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Travelling to US with a criminal record in the UK

Travel Forums North America Travelling to US with a criminal record in the UK

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201. Posted by Tightrope (Budding Member, 28 posts) 11 Jun '12 03:59

@Scott20186

The ESTA asks if you were arrested or convicted of a crime of moral turpitude. Visit here:

see here if you are uncertain: http://en.wikipedia.org/wiki/Moral_turpitude

This will help you to understand whether or not your crime was a crime of moral turpitude. If you genuinely believe that your crime was not a crime of moral turpitude then it is up to you to decide what to check on the electronic form, your application may be accepted. Please be aware that you must check 'No' only if you genuinely believe that your crime was NOT a crime of moral turpitude. You can go through the ESTA before you book a holiday, (be sure to use the link found on the USA Embassy site - there are many sites that are not the direct route to the process) it will cost around $14 (I can't remember for sure how much). If accepted then it is down to the officer you speak to at border control as to whether or not you get in, and that is the case for even those who have no record of arrest. Alarmingly, even people who have been arrested where no charge or conviction have taken place must also declare their arrest on the ESTA if they were arrested for an alleged crime of moral turpitude. I agree, this is a step too far. The judicial system of the UNITED KINGDOM is one to be respected and considered to be one of the best in the world, so I have to ask why do you have to go to all this trouble even when not convicted when seeking nothing more than a holiday in the USA?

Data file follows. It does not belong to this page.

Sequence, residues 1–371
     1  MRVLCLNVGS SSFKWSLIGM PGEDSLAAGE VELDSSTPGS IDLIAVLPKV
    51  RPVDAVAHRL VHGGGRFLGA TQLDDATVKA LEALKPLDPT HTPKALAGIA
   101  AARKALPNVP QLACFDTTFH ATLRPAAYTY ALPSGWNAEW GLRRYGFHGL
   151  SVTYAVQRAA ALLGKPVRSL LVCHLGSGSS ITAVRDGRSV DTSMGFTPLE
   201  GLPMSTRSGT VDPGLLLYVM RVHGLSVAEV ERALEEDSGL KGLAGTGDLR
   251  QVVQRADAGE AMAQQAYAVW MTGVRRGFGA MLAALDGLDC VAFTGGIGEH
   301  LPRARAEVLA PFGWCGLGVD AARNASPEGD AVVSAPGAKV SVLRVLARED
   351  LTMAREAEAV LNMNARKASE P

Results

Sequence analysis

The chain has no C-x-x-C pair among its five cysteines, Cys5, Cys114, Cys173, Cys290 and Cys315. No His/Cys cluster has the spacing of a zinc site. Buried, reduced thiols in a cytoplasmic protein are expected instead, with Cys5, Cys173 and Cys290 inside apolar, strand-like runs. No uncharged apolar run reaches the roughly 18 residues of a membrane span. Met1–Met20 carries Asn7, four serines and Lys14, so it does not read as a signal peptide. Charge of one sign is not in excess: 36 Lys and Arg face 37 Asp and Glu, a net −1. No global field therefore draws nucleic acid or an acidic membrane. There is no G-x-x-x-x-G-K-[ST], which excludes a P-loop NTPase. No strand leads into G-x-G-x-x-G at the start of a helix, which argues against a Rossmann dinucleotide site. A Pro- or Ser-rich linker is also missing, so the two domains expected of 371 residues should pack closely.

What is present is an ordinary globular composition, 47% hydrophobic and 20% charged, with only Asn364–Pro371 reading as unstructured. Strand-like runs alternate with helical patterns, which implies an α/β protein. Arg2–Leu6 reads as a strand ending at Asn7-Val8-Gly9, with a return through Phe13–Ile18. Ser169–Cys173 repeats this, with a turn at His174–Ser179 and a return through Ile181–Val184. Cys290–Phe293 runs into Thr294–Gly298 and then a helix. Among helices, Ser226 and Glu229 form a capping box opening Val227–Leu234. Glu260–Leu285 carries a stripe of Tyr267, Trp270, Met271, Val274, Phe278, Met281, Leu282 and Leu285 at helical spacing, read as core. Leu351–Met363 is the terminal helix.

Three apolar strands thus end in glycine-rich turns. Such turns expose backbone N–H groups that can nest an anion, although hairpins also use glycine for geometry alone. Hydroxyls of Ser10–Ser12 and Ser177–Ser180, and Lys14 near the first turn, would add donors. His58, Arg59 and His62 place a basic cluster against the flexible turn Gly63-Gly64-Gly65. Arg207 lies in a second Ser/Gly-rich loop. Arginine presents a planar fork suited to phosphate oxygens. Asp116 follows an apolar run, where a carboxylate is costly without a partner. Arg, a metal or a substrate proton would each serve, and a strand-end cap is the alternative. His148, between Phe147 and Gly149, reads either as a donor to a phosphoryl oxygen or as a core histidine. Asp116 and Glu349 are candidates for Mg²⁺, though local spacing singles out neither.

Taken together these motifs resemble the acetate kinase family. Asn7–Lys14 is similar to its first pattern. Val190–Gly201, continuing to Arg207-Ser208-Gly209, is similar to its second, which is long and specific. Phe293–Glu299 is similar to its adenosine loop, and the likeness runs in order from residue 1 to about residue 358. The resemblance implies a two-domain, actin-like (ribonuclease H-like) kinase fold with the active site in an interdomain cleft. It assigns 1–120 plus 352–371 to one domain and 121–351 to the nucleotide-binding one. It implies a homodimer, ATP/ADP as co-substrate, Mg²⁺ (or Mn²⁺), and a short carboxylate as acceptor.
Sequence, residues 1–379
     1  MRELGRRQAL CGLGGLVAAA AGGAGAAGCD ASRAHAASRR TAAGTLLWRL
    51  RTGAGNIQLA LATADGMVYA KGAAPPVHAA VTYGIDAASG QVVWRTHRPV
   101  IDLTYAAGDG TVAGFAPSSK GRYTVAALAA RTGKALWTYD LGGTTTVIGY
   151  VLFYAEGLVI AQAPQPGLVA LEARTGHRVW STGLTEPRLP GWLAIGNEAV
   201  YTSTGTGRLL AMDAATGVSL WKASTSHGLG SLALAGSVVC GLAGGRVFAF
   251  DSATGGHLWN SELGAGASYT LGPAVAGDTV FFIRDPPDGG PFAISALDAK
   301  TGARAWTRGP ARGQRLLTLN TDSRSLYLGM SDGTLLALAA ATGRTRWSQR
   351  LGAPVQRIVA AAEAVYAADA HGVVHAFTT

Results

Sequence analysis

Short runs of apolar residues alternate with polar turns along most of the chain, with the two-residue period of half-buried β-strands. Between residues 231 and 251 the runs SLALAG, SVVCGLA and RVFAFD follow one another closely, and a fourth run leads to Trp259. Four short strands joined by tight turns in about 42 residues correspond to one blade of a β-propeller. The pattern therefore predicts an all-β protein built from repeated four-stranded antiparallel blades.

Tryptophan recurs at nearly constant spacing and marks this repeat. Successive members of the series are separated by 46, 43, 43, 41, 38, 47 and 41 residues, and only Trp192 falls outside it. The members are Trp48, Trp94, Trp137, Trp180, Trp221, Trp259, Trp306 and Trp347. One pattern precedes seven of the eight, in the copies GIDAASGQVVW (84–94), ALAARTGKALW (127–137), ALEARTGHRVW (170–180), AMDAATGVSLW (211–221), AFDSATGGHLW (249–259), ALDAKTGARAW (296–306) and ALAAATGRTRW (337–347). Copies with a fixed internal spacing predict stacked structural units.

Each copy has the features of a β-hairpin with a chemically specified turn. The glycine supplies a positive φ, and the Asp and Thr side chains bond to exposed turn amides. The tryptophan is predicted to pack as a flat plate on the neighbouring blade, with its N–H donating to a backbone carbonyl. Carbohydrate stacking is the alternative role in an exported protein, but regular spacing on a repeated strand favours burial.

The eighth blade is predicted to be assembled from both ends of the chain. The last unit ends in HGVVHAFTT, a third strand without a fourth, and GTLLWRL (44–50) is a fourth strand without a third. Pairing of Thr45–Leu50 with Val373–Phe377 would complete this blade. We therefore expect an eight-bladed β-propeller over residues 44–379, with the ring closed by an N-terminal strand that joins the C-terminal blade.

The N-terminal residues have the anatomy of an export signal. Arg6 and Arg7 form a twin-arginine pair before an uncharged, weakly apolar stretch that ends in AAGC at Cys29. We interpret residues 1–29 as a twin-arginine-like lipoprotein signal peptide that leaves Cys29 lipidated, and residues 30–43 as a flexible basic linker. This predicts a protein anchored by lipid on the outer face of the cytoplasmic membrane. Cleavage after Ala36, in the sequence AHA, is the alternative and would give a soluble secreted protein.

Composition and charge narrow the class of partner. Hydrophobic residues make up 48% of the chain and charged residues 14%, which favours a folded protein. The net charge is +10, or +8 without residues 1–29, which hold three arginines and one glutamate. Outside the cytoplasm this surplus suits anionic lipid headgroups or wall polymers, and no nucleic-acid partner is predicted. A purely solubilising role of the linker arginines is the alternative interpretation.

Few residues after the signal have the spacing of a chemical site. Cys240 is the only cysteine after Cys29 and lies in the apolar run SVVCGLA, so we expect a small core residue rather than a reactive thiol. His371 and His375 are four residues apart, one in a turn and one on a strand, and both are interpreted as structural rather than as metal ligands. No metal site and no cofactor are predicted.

My understanding is that crimes that involve cruelty or deliberate evil to your fellow beings is generally a crime of moral turpitude, however, this is a vague statement, so I'd visit the URL above and make your own decision. It may be that you had no evil intent at all.